Meritorious Defense Requirement for Bill of Review for Default Texas Divorce

When a party does not file an answer or participate in a Texas divorce proceeding, the court may issue a default judgment against them.  A mother recently challenged the default divorce decree entered against her through a petition for bill of review.

A bill of review is brought when a party seeks to set aside a judgment that cannot be challenged by appeal or a motion for a new trial. A party seeking a bill of review generally must show that they have meritorious claim or defense they could not make due to an official mistake or the other party’s fraud, accident, or a wrongful act, with no fault or negligence by the petitioner.  Unless the petitioner claims they were not served, they must first present prima facie proof of a meritorious defense before trial. If the petitioner meets this burden, the court then conducts a trial on the merits. A petitioner shows they have a meritorious defense if the defense is not barred by law and they would be entitled to judgment if there is not contradictory evidence offered on retrial. Any factual dispute is resolved in favor of the petitioner.

The parties got married in 2012 and had two children together.  They separated in 2021.  The father petitioned for divorce in February 2022.  According to the appeals court’s opinion, the mother was service with process, but did not file an answer or otherwise participate.  The mother alleged that they “communicated openly” about child support and possession while the case was pending.  The mother contacted the court’s office in March regarding final hearing dates and was told nothing had been set, but a default divorce decree was entered on April 4.

The default decree granted the father the right to designate the children’s primary residence and receive child support.  It also awarded him an equalization judgment.

The mother timely moved to set aside the decree.  Her attorney contracted COVID and filed an agreed motion for continuance.  The motion was overruled by operation of law before the hearing occurred, however, and the court’s plenary power expired.

The mother subsequently filed a petition for bill of review.  On the date the hearing was scheduled, the father filed an objection and motion asking the court to strike the mother’s pleadings, not allow her to present evidence, and impose sanctions as a result of her failure to respond to discovery.  The trial court denied the mother’s petition after the hearing.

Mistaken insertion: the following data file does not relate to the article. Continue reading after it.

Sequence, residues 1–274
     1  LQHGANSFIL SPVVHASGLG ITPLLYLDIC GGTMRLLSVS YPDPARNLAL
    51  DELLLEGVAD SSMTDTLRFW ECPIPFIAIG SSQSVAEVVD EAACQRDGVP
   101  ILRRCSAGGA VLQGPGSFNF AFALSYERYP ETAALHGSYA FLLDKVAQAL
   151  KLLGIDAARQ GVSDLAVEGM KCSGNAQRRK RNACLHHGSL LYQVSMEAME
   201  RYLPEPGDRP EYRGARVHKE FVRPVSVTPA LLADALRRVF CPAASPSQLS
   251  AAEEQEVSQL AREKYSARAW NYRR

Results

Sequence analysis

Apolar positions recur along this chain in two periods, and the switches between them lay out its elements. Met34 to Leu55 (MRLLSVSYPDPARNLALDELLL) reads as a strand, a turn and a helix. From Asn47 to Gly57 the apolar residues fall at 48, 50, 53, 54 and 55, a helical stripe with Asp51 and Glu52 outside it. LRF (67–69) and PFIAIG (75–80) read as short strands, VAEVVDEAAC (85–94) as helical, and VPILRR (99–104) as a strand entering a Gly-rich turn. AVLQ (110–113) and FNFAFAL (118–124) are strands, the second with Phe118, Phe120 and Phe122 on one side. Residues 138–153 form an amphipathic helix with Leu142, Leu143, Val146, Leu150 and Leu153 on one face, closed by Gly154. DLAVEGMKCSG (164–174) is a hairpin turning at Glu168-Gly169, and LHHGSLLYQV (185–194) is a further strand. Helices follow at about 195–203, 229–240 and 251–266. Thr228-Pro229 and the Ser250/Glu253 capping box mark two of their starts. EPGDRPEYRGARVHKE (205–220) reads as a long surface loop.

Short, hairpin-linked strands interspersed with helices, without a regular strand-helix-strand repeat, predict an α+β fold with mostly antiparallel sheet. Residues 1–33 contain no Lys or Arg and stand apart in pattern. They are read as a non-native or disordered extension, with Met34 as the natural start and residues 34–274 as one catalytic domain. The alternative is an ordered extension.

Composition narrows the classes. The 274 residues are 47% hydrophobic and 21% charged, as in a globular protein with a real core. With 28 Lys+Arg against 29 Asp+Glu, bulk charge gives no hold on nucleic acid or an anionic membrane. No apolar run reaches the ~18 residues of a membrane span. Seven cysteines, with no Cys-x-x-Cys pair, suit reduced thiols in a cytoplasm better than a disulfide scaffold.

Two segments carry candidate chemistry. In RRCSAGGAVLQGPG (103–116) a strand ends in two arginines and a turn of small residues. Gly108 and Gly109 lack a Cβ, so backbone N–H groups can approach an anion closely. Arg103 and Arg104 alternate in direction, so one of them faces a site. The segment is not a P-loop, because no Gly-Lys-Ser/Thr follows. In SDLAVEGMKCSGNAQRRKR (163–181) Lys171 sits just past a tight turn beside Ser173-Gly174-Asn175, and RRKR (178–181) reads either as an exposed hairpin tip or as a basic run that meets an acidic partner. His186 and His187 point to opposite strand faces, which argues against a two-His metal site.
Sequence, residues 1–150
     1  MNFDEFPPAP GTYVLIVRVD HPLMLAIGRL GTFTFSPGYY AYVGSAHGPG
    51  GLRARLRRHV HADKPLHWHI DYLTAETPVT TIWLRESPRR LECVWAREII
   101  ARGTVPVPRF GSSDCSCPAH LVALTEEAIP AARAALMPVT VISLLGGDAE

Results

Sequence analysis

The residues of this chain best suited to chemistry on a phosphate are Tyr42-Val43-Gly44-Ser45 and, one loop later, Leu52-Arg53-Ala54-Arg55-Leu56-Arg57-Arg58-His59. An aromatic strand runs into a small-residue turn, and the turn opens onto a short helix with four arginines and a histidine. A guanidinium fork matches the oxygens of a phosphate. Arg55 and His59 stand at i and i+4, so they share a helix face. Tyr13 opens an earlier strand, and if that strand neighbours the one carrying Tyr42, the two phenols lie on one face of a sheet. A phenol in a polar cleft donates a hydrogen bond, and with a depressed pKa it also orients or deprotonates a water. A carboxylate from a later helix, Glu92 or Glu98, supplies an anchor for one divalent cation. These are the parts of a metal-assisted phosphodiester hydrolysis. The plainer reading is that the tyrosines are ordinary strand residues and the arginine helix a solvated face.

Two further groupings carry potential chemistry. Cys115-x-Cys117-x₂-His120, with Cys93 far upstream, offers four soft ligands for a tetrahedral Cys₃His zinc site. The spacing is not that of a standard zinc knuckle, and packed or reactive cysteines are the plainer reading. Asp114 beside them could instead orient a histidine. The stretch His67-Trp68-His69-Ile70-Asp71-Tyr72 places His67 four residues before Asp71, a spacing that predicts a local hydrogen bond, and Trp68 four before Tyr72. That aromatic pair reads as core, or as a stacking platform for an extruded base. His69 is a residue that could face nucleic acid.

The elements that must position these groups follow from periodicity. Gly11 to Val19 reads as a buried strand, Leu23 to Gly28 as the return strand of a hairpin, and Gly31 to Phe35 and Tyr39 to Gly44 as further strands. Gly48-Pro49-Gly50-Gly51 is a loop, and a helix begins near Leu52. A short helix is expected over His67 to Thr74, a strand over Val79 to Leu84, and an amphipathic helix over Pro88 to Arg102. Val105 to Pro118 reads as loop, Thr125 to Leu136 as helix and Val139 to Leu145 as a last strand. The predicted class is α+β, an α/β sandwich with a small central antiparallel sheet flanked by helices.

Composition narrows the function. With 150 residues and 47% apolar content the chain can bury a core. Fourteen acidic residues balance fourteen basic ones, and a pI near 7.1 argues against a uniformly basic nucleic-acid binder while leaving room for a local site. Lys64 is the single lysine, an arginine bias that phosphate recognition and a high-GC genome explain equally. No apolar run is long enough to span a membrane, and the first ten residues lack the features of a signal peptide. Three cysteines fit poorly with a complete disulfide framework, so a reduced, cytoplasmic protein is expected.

The mother appealed. She argued the trial court erred by making “the incorrect inquiry,” finding she had no meritorious defense, and failing to hold a hearing to determine if she could meet the requirements for bill of review.

Meritorious Defense

The mother argued that the trial court considered whether she had a meritorious defense for her failure to answer instead of a meritorious defense of the cause of action.  The appeals court noted the record was not clear as to the purpose of the hearing.  The trial court stated there could be an evidentiary hearing if it was needed, but inquired if it could base its decision on just the petition.  The father’s attorney indicated the court could only base its decision solely on the petition if it concluded the mother was not entitled to a hearing based on her failure to respond to discovery.  The father’s attorney also argued that the mother would not be able to show fraud or official mistake, even if her petition was taken as true.

The appeals court noted the trial court seemed to consider whether the mother had a reason for not appearing and participating.  Her attorney argued that a meritorious defense was one that would have led to a different result if presented at trial.  She argued the mother’s meritorious defense was that the mother was the primary caregiver; there was insufficient evidence to support child support to the father outside the guidelines; and there was insufficient evidence supporting the equalization judgment.

The mother’s attorney stated she would present exhibits and testimony of the parties.  She also argued the father’s attorney had admitted she had a meritorious defense and asked the court to schedule trial or allow a continuance for discovery.  The trial court instead denied the petition.

The appeals court noted the discussion was confusing and it was unclear if the trial court had applied the law correctly.  The order indicated the trial court denied the petition based on the petition and arguments. The appeals court noted there were no pending motions to dismiss, summary judgment motions, or special exceptions, so the only issue should have been whether the mother made a prima facie showing of a meritorious defense.”

The appeals court also agreed that the father’s attorney had “conced[ed] that there was a meritorious defense.” The mother therefore did not have to present prima facie proof that she had a meritorious defense.  The trial court erred to the extent it denied the petition because the mother failed to present a prima facie case of a meritorious defense.

The appeals court acknowledged the trial court was likely trying to be judicially efficient, but concluded the court’s actions were not consistent with the procedural requirements for bill of review. The appeals court reversed the judgment and remanded the case to the trial court.

Contact a Skilled Dallas Divorce Attorney

If you are served with divorce papers, you should contact an experienced Texas family law attorney right away.  A party who has been served has a limited amount of time to file a written answer, and failure to do so may result in a default judgment. If you have had a default judgment entered against you, a Texas divorce attorney can evaluate your case and advise you on any options you may have.  Set up a consultation with McClure Law Group by calling 214.692.8200.

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